Given that most thyroid cancers exhibit decreased or absent radioiodide accumulation, the prevailing expectation for a long time was that NIS expression would be found to be decreased or absent in cancerous thyrocytes. The first investigations addressing this issue, carried out using RT-PCR and showing lower mRNA levels in cancerous than in normal thyrocytes, seemed to confirm these expectations (24-28). RT-PCR is an easy-to-perform and very effective technique to detect mRNA expression even in very small tissue samples. However, determinations of mRNA levels by either RT-PCR or
Northern blot analysis provide no information on RNA stability. In addition, mRNA levels of proteins like NIS, with long half-lives and complex posttranscriptional regulation, do not necessarily correlate with actual protein expression (29). Immunoblot analyses to directly assess protein expression would address this limitation; however, this requires significantly larger tissue samples, which are not often available from human specimens.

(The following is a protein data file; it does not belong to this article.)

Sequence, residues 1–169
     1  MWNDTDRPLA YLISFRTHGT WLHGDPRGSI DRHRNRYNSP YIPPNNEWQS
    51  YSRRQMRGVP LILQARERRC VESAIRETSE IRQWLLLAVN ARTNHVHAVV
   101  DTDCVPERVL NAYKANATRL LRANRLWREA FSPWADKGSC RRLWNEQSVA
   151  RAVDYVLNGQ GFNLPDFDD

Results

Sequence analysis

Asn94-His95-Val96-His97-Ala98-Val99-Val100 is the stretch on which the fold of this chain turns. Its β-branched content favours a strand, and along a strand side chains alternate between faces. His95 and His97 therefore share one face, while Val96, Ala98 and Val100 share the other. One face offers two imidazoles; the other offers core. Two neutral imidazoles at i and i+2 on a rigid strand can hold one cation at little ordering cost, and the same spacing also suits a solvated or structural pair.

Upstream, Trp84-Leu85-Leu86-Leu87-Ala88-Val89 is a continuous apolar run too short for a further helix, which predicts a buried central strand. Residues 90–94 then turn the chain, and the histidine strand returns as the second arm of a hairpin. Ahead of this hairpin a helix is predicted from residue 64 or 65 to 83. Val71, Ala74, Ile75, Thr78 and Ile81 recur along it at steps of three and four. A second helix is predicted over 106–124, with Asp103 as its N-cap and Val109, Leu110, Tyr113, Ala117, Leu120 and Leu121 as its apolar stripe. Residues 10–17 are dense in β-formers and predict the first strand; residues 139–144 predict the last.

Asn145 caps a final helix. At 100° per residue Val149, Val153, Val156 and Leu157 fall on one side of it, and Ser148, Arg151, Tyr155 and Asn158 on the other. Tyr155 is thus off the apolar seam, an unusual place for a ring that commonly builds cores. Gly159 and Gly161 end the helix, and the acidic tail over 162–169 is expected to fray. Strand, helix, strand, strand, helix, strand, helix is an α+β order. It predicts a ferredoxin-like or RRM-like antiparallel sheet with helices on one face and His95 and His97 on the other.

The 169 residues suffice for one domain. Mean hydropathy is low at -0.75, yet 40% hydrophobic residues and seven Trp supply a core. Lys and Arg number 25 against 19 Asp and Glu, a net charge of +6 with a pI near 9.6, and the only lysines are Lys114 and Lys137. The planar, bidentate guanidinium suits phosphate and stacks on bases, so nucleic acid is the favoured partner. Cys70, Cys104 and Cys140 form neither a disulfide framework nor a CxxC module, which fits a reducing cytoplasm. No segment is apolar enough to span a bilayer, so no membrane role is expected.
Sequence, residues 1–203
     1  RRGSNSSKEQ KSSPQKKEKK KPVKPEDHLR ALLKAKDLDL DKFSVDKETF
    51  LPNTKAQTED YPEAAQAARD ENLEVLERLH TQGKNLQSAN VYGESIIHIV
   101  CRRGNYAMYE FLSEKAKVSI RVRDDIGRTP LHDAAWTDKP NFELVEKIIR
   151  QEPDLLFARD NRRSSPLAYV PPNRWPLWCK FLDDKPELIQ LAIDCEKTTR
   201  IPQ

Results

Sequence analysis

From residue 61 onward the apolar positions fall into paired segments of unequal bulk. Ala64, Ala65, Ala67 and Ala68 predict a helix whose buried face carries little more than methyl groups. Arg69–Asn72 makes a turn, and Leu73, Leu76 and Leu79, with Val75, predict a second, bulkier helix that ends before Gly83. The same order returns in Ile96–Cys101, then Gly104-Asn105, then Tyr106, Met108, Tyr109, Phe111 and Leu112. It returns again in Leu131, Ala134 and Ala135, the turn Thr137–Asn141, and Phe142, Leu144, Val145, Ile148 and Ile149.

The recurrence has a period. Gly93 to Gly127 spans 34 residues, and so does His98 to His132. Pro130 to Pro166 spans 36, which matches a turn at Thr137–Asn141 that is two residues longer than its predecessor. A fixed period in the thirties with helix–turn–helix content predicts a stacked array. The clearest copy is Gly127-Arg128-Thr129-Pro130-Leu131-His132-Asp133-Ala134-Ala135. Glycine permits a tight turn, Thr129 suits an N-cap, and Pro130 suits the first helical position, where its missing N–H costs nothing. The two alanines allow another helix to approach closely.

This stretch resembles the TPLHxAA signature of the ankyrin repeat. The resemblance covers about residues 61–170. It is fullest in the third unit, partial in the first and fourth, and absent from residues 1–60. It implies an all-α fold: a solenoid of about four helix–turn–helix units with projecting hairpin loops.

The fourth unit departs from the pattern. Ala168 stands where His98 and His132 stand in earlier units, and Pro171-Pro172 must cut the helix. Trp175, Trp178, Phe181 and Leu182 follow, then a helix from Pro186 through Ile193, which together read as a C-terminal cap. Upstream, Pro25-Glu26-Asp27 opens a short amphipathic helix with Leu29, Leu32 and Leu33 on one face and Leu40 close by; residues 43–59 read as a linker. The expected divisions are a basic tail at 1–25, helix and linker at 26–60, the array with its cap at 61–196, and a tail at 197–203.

Immunoblot analyses may provide satisfactory quantitative and qualitative information on NIS protein expression and some posttranslational modifications, but not on subcellular distribution. The subcellular localization of NIS is particularly significant because, as pointed out earlier, NIS is functional only when it is properly targeted to the plasma membrane. Hence, immunohistochemical analysis ofNIS expression in thyroid cancer was carried out (20, 30, 31). In addition to revealing the subcellular distribution of NIS, immunohistochemistry offers the advantage that NIS protein expression in the carcinomatous tissue can be compared to the surrounding normal tissue in the same thyroid gland. Surprisingly, immunohistochemical studies of NIS protein expression in thyroid cancer have shown that as many as 70% of thyroid cancers actually exhibit NIS protein overexpression (Figure 2B), as compared to the surrounding normal tissue, although in these cancerous cells NIS is mainly located in intracellular membrane compartments rather than in the plasma membrane. NIS was absent only in about 30% of the cases (20, 31). Thus far, no NIS mutations resulting in impaired protein expression or altered plasma membrane trafficking have been identified in thyroid cancer (32). These findings have had a significant impact on research approaches aiming to improve the effectiveness of radioiodide therapy, since they emphasize the importance of stimulating NIS targeting to and/or retention at the plasma membrane rather than stimulating NIS expression at the transcriptional level.
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